European rabbis want Jewish emojis with kippot
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European rabbis want Jewish emojis with kippot

Judaism should have equal representation, Conference of European Rabbis urges international emoji-regulating body

Illustrative - Emoji use on a smartphone. (Mlindri, Getty Images)
Illustrative - Emoji use on a smartphone. (Mlindri, Getty Images)

European Jewish rabbis have petitioned the official world body that regulates and approves emojis, calling on them to add ideograms that represent the Jewish faith.

In a letter to the Unicode Consortium, the nonprofit body that regulates the representation of text in computer products, the Conference of European Rabbis (CER) said Tuesday that it wants Unicode to “create a new emoji, which will symbolize the Jewish religion and its symbols.”

“There are emojis of women in the hijab and Arab clerics, and the Jews have been forgotten?” Gadi Gronich, chief of staff of the CER, said in a statement issued by the organization.

The letter comes in the wake of controversial comments by Felix Klein, the commissioner for combating anti-Semitism in Germany, who warned last week that German Jews should avoid wearing a kippah in public.

Part of the official list of emojis from the Unicode Consortium, showing images with other head coverings, but no kippah. (Unicode Consortium screen capture)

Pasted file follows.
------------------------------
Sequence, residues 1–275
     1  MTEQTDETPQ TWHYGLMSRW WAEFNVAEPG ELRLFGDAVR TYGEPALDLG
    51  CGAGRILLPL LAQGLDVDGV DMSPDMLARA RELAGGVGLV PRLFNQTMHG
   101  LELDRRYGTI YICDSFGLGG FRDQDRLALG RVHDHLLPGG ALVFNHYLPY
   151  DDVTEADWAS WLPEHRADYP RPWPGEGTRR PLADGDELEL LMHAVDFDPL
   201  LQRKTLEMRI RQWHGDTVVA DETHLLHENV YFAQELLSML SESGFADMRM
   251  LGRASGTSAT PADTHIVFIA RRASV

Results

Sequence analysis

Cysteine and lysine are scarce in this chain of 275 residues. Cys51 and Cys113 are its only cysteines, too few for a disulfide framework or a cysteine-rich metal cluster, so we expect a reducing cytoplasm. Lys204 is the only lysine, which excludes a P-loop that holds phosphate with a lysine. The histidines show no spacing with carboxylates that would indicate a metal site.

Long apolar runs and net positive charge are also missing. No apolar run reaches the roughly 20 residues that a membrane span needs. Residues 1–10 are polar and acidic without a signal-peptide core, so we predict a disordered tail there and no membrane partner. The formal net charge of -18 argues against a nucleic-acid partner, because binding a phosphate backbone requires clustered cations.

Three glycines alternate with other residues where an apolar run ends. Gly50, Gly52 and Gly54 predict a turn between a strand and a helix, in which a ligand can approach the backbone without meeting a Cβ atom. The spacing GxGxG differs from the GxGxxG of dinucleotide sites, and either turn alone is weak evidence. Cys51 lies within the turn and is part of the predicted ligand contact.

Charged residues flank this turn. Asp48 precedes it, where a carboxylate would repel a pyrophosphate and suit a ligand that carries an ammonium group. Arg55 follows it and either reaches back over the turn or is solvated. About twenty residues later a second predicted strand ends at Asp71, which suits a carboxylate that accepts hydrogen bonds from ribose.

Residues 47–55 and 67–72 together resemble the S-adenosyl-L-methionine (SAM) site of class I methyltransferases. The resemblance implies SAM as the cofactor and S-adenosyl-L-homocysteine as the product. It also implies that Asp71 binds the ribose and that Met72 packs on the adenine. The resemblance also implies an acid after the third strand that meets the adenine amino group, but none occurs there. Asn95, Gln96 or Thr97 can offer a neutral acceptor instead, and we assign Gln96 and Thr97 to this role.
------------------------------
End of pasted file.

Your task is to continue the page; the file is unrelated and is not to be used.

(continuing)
The use of emojis — pictures of facial expressions, common objects and symbols — has become ubiquitous in electronic devices and applications. Unicode approves all the emojis that are used in smartphones and can be added to emails and documents.

The CER told the Unicode Consortium that for all that the world was aimign toward pluralism, the Jewish religion was not part of the diversity.

“If it is legitimate to present a family consisting of two men or two women, and to present the traditional attire of the Islamic religion, we believe that there is room for presenting the Jewish symbol as well,” the CER letter said, saying the move would help in the struggle to eradicate anti-Semitism.

“The Jewish religion should not be left behind; it should be brought to the center of public discourse and made equal among the other religions,” the letter said.

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